The Internet-Connected Things Are Getting Their Own Network
A low-power, low-bandwidth network for things is getting ready for the future of connected everything.
The Internet of Things is slowly taking over; it’s in our homes, our cities, our bodies, and the things themselves are on their way to outnumbering us three to one. Now, the things are getting their own dedicated network.
UK communications company Arqiva today announced that it will rollout an IoT network across the country, starting with ten major cities. That infrastructure will be separate from existing networks; it’s just for the things. It will also enable connection to other IoT networks that already exist in places including France, Spain, and the Netherlands, as if the idea of things “talking” to each other locally wasn’t still enough to get your head around.
While internet-connected things (usually stuff with a sensor stuck in it) could theoretically use the kind of networks we already have in place, like wifi or 3G, it’s not ideal. As anyone whose iPhone has died after a matter of just hours knows, connecting to wifi drains a battery fast—and no one wants to go around plugging in their newly communicative possessions all the time.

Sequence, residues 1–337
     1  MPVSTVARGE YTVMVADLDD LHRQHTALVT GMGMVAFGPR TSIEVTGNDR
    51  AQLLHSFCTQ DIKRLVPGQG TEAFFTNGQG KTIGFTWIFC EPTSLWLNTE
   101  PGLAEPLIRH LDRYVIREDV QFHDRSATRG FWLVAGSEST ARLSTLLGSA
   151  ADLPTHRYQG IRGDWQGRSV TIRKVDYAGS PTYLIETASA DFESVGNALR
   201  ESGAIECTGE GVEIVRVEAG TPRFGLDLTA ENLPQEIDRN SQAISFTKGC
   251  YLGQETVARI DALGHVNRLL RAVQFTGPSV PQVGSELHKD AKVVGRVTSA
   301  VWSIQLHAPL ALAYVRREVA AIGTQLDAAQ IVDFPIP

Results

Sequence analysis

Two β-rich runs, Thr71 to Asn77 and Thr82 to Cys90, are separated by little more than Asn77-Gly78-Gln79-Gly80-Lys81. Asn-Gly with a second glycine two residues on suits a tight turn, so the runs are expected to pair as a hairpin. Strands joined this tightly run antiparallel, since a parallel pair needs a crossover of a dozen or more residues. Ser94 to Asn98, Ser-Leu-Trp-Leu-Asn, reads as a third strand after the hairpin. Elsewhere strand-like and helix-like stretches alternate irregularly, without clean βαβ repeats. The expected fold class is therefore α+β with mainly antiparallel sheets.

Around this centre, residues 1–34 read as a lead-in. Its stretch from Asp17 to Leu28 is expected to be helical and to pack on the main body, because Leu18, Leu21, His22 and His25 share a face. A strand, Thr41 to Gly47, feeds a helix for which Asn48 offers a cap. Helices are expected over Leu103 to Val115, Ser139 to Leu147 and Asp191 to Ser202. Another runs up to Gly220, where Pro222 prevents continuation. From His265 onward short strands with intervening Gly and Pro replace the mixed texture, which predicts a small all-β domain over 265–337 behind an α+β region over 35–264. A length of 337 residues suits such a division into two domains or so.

There’s also just no need for the kind of capacity those networks provide when you’re talking about the gadgets most of the Internet of Things consists of. Unlike your smartphone, sensors don’t need to be able to send Snapchat selfies and cat videos to each other; they just need to transfer small amounts of data. Using an existing network would therefore be a waste of money and power.
While some researchers have suggested ways of “piggybacking” on existing wireless signals, Arqiva is clearly making a play to get an IoT network up and running in the hope to making it the standard connectivity model.
The company is working with technology by Sigfox, which uses “ultra-narrowband” tech to connect the things. “It will essentially be a piece of work that’s similar to building a new mobile network, just using a slightly different technology,” said Wendy McMillan, who runs the division of Arqiva responsible for machine-to-machine services. The network uses a different spectrum, and low bandwidth.
To use the network, devices would need a Sigfox chip (see why it’s a good idea to build the network early on, before the things have completely taken over?). With the rollout of networks in other countries, more and more devices are getting Sigfox-enabled, which means they’ll be able to just plug-in-and-play. So far these things include parking sensors, billboards, and alarms.
And as the Sigfox networks build up, there’s also the opportunity for the things to use roaming, and connect to a local network if they’re off travelling. “You start to be able to create a pan-European network which uses similar technology and similar devices,” said McMillan. She gave the example of the logistics sphere, and tracking freight that’s being moved around. “If you are moving that to another country that has a Sigfox network, you could potentially track its location in a different place.”
If things go to plan, it sounds like the things might soon be better connected than we are.